Sometime last week when I made my way into the Hidey-Hole, I found that I just didn’t have the urge to do anything particularly arty. I know this is entirely normal and nothing to fret about, but I wondered if there was anything I felt like doing that might be even vaguely art-related.
And suddenly I had the answer – I decided to take a photo of every piece of work in my stash.
Photographing the Stash
The stash is in fact two A3 sized cardboard boxes from Amazon and two A3 sketchbooks, which are where I put the artwork that I deem finished – either because I’ve reached a point that I’m happy with, or at least I don’t feel like taking it any further, or because I have reached the stage of really not liking something and I want to move on with a fresh start.
The stash has been steadily growing over the last two years and in all that time, I’ve almost never been back to look inside and see what I’d been creating. Which to be honest has always been my way of going about things.
It was/is the same with the textile art pieces that I make. The enjoyment is all in the doing, in the stitching, so once it’s completed, I lose interest and just want to move on to the next piece as fast as possible. Off the completed work goes to the stash, totally forgotten.
Anyway, I followed through and duly took each piece from the stash, put it on the kitchen table, and took a picture.
Well, what an eye-opener!
I rather think I could write a book about the revelations that came up while doing it – although you’ll be relieved to know that I’m not going to bore you silly about it all now – but I thought I’d mention a couple of things that really surprised me.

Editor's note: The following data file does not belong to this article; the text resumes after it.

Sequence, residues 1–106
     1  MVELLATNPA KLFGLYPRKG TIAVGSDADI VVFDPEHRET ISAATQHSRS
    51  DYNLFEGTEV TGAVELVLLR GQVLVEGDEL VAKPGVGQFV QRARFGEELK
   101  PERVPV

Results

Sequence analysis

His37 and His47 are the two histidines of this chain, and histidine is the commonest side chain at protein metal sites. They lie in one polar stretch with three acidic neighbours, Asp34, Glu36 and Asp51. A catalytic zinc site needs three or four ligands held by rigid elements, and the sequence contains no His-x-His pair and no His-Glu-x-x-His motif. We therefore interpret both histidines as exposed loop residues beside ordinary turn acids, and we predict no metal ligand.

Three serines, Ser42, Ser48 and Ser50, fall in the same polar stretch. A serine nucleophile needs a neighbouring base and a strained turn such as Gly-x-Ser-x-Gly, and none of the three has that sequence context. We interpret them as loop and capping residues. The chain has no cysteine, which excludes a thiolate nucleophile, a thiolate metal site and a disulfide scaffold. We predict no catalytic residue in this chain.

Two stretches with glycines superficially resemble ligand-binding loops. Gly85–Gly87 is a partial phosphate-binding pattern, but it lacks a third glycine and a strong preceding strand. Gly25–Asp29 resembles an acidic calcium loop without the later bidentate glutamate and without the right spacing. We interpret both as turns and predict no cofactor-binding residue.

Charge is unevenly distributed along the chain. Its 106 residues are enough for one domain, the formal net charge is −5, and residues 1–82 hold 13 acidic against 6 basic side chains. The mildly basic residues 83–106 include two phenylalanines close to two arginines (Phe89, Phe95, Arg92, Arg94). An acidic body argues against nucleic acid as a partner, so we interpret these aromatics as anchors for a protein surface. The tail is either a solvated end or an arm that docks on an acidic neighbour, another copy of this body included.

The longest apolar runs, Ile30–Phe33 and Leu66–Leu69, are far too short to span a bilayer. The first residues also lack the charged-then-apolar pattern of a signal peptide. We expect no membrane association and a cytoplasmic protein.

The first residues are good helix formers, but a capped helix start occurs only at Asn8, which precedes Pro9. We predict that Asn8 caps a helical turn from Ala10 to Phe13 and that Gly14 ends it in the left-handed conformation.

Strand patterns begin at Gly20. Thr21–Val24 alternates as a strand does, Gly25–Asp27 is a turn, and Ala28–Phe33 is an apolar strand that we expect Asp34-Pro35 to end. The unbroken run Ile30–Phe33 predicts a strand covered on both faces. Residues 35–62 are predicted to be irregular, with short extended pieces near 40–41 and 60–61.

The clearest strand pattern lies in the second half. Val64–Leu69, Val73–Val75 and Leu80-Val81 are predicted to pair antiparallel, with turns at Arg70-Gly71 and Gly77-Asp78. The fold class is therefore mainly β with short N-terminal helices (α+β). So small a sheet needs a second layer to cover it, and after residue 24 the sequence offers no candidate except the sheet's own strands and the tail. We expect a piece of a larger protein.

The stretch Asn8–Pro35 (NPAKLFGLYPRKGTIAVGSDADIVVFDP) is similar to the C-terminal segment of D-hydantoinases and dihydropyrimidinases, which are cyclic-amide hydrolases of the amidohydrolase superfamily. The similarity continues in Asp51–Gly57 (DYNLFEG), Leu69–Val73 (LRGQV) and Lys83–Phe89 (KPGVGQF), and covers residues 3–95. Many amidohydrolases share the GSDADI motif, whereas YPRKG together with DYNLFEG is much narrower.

The first thing, is just how different a picture can look in the photo compared with how I think it looks in real life – I’m not talking about the quality of the reproduction or colours, no, what I mean is that in many of the pictures I can see (or not see) aspects of composition, contrast, colour use, focal points and things like that, which aren’t anything like so clear in the flesh.
I’ve heard some other artists say that they take photos of their work whilst working, but this is the first time I’ve really begun to understand why that might be helpful.
One thing that I noticed particularly was that I don’t really achieve enough contrast (for my liking) – and that’s something I hadn’t realised before.
The other thing that really struck me was that in fact there does seem to be an element of style and subject beginning to show itself, despite my concerns that everything is simply random. It may not translate to other viewers, but I begin to see some themes in process, colour and subject that I found oddly reassuring.
As I went through each piece, I tried to decide if they were finished, or whether they might be reusable in some other way. I knew there were several pieces that I had stopped working on without feeling that I’d resolved them. I’ve put those selections into another box, so perhaps the next time I lose the urge to carry on with the current piece, I might dip into the box and see if anything sparks my interest.
It took a couple of hours to take the pictures and I didn’t go back to look at them straight away, but I’m so glad to have taken time to do this. I’ve just been going through some of them again to show you a few, and while doing it I made other discoveries that I’m sure will help me – and who knows, that might carry on.
Somehow the detachment of time and looking at a photo instead of the real thing allows an opportunity to be your own constructive critic. And it certainly helps that when you go back over a lot of work, you begin to see patterns that aren’t otherwise obvious.
(I’ve littered this post with a tiny selection from the photographed stash – it seems that I paint trees far more often than I thought…).
In other news…
I had a lovely afternoon in Worcester on Sunday. A flying trip with the daughters. The river and the cathedral were looking gorgeous. How exciting to see everything beginning to unfurl for spring – hooray!
Until next time.